ASP.NET Unit Testing With Typemock Isolator

I’ve just stumbled upon this extraordinary offer. I’ve been evaluation Typemock before and it’s one of the best (if not the best) unit testing tool for SharePoint. And now its creators are launching a wide promotion campaign:

Unit Testing ASP.NET? ASP.NET unit testing has never been this easy.

Typemock is launching a new product for ASP.NET developers – the ASP.NET Bundle – and for the launch will be giving out FREE licenses to bloggers and their readers.

The ASP.NET Bundle is the ultimate ASP.NET unit testing solution, and offers both Typemock Isolator, a unit test tool and Ivonna, the Isolator add-on for ASP.NET unit testing, for a bargain price.

Typemock Isolator is a leading .NET unit testing tool (C# and VB.NET) for many ‘hard to test’ technologies such as SharePoint, ASP.NET, MVC, WCF, WPF, Silverlight and more. Note that for unit testing Silverlight there is an open source Isolator add-on called SilverUnit.
The first 60 bloggers who will blog this text in their blog and tell us about it, will get a Free Isolator ASP.NET Bundle license (Typemock Isolator + Ivonna). If you post this in an ASP.NET dedicated blog, you’ll get a license automatically (even if more than 60 submit) during the first week of this announcement.

Also 8 bloggers will get an additional 2 licenses (each) to give away to their readers / friends.
Go ahead, click the following link for more information on how to get your free license.

Windows Defender Update and the Page Error in Development Web Server

Another of the strange, unexplained errors with a simple (yet unexpected) cause.

SYMPTOMS

You are developing an ASP.NET Site or Web Project in Visual Studio 2005/2008. You start the Debug process. Your browser window opens with a message:

Page Load Error

or

The page cannot be found.

Additionally, you have Windows Defender installed on your machine.

THE CAUSE

A flawed update of the Windows Defender removes the localhost entries from hosts file in windowssystem32devicesetc folder.

SOLUTION

Manually add the following entries back to the hosts file:

127.0.0.1 localhost

More details: http://www.h-online.com/security/Windows-Defender-False-alarm-triggered-by-hosts-file–/news/112814

.NET Framework 3.5 SP1 and Training Update

As you might know, Microsoft has released a service pack for .NET Framework 3.5 few days ago. Let’s see what it adds to the standard framework:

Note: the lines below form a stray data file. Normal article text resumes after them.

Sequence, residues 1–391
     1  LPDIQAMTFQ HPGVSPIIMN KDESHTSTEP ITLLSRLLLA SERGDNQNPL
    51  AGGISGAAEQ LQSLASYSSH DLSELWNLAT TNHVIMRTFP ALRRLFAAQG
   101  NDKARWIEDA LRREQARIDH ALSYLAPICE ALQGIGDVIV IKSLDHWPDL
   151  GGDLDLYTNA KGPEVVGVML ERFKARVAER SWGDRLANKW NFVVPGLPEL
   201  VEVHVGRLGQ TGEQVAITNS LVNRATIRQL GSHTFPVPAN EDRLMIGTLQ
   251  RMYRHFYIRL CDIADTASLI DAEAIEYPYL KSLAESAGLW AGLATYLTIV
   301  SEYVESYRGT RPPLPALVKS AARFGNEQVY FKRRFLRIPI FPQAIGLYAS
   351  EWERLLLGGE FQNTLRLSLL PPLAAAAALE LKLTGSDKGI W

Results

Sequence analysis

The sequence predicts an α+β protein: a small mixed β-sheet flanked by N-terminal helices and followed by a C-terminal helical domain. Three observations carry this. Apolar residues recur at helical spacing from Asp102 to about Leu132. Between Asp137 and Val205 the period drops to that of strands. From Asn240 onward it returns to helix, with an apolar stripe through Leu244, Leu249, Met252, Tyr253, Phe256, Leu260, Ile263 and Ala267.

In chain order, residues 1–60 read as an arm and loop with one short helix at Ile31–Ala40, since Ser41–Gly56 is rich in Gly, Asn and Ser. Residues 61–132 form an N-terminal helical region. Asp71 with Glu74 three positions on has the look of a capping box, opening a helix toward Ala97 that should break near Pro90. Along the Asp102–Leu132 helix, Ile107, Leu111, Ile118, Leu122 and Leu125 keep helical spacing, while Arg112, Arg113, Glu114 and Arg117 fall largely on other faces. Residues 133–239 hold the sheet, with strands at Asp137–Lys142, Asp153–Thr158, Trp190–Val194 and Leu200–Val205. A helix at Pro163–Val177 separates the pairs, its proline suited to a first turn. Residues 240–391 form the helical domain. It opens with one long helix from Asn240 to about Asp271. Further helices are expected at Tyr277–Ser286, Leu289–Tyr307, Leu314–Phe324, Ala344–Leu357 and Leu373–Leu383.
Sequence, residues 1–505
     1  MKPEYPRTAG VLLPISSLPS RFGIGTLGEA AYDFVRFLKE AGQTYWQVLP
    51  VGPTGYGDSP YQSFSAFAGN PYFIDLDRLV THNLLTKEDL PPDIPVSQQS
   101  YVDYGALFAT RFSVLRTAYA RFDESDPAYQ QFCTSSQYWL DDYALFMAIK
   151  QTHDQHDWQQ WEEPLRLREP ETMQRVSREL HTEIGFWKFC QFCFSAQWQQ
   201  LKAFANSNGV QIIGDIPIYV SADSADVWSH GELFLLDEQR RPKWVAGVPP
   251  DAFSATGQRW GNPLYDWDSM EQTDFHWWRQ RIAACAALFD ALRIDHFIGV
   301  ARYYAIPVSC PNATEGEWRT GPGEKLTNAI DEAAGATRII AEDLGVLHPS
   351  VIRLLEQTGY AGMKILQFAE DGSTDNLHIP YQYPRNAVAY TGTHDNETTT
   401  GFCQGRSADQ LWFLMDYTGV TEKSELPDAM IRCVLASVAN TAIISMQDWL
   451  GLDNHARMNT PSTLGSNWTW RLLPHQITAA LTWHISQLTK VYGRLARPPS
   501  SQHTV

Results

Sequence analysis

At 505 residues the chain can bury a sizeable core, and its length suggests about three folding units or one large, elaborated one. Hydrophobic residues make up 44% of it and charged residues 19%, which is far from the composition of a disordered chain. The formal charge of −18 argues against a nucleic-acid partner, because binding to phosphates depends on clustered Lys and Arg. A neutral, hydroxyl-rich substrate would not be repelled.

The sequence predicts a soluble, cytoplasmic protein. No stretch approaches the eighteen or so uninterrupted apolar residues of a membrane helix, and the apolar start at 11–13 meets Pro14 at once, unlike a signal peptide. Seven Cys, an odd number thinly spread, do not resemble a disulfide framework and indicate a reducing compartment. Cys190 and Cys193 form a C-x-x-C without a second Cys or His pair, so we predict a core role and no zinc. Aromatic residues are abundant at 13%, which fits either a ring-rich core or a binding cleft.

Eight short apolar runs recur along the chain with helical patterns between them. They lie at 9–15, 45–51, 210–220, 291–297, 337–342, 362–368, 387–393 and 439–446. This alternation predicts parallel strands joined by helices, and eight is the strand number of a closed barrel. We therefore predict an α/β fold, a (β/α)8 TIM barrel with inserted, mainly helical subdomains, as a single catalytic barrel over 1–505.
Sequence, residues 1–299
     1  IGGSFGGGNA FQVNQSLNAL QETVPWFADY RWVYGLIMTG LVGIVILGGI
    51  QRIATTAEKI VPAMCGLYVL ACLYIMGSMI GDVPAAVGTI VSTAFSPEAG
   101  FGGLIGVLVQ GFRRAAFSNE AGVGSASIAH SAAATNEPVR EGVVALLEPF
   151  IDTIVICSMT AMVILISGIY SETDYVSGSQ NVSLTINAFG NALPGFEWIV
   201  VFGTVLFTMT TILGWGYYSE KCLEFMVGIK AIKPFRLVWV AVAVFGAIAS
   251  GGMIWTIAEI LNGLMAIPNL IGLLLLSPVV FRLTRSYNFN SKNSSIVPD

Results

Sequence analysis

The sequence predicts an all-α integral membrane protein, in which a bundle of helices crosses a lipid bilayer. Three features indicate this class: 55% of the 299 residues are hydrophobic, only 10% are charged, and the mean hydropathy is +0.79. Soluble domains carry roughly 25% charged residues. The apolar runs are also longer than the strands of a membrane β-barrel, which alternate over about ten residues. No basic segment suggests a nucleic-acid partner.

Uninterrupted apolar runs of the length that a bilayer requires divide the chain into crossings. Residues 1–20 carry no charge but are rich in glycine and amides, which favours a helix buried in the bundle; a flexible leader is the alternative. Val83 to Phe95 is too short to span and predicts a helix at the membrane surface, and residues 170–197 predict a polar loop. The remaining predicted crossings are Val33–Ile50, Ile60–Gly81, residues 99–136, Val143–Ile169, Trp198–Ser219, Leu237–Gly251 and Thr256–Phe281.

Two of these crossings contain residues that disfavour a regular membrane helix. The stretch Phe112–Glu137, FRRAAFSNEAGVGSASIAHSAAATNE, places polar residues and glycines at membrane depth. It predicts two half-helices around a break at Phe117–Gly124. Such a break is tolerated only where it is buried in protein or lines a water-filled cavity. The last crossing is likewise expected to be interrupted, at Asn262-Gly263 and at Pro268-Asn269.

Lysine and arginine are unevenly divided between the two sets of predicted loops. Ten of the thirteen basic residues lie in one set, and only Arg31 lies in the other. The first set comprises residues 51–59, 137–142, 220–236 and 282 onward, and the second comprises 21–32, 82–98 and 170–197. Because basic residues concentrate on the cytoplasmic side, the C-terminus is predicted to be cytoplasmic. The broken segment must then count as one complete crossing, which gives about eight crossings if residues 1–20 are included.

• ASP.NET Dynamic Data mechanism for quick scaffolding of the database operations
  • ADO.NET Data Service framework, with REST-based service to expose data for its consumption by web services and WCF clients
  • Entity Framework for ADO.NET, an middle-layer ORM and query mechanism that provides an abstract view of the data, detached from its physical implementation
  • Improvements to the CLR engine (mainly for permissions and performance) and other components of the framework

You can download the SP1 from here.

Also, the .NET 3.5 training kit I was referring to before has been updated to the SP1 version. You can grab it here.

Page.Trace and System.Diagnostics.Trace Comparison

More often than not, I see how newbie .NET programmers are confused when trying to trace ASP.NET applications. The origin of the confusion is that .NET Framework exposes two different tracing mechanisms when you are developing web applications.

General .NET Framework Tracing

Firstly, you have the standard low-level System.Diagnostics.Trace class. This class allows us to emit tracing information within our code, using Trace.WriteLine() methods. We also need a TraceListener, which will allow us to capture this information into a storage we choose. .NET Framework does the plumbing for us when we associate a TraceListener with an application, using its configuration file.

There are several pre-made TraceListener implementations already available, such as TextWriterTraceListener (which writes the tracing information into a text file) and EventLogTraceListener (which writes the same information in a specified event log, even if it’s in a remote computer).

ASP.NET Tracing

ASP.NET offers another tracing mechanism for web developers, based on System.Web.TraceContext class. This is an object that lives in ASP.NET page, just like Controls, Request, Response and so on. We have to enable tracing in web.config file, and we can also set it up to display the tracing information on the page itself (setting pageOutput=’true’) or using ASP.NET trace viewer (appending /Trace.axd to the page URL). For example:

<trace pageOutput="true" enabled="true"/>

You can emit tracing information from ASP.NET code using Write or Warn methods of the Page.Trace property. The difference is that Warn messages are displayed in red.

The best thing is that ASP.NET runtime adds a lot of information by default, such as:

  • timing of the main page events, so we can check how long it takes
  • page controls hierarchy tree
  • server variables
  • request and response information

in addition to our own tracing information, as displayed below:

image

Summary

We can use System.Diagnostics namespace objects to trace in ANY .NET Framework application, including ASP.NET ones. But, for ASP.NET applications, we have a powerful tracing mechanism already set in place by Page.Trace property.

More Information

.NET Tracing Walkthrough
System.Diagnostics.Trace Class
ASP.NET Tracing

How to Clear ASP.NET Web Cache

In ASP.NET you can remove an item from the web cache by invoking Cache.Remove(string ID). But, what happens when, for some reason, you want to quickly clear the whole cache? There’s no Clear or RemoveAll method in System.Web.Caching.Cache object.

WORKAROUND

You can iterate over all the entries and remove them by their key (or ID), using the GetEnumerator method of the Cache class.

IDictionaryEnumerator enumerator = Cache.GetEnumerator();

while(enumerator.MoveNext())
{
Cache.Remove(enumerator.Key)
;
}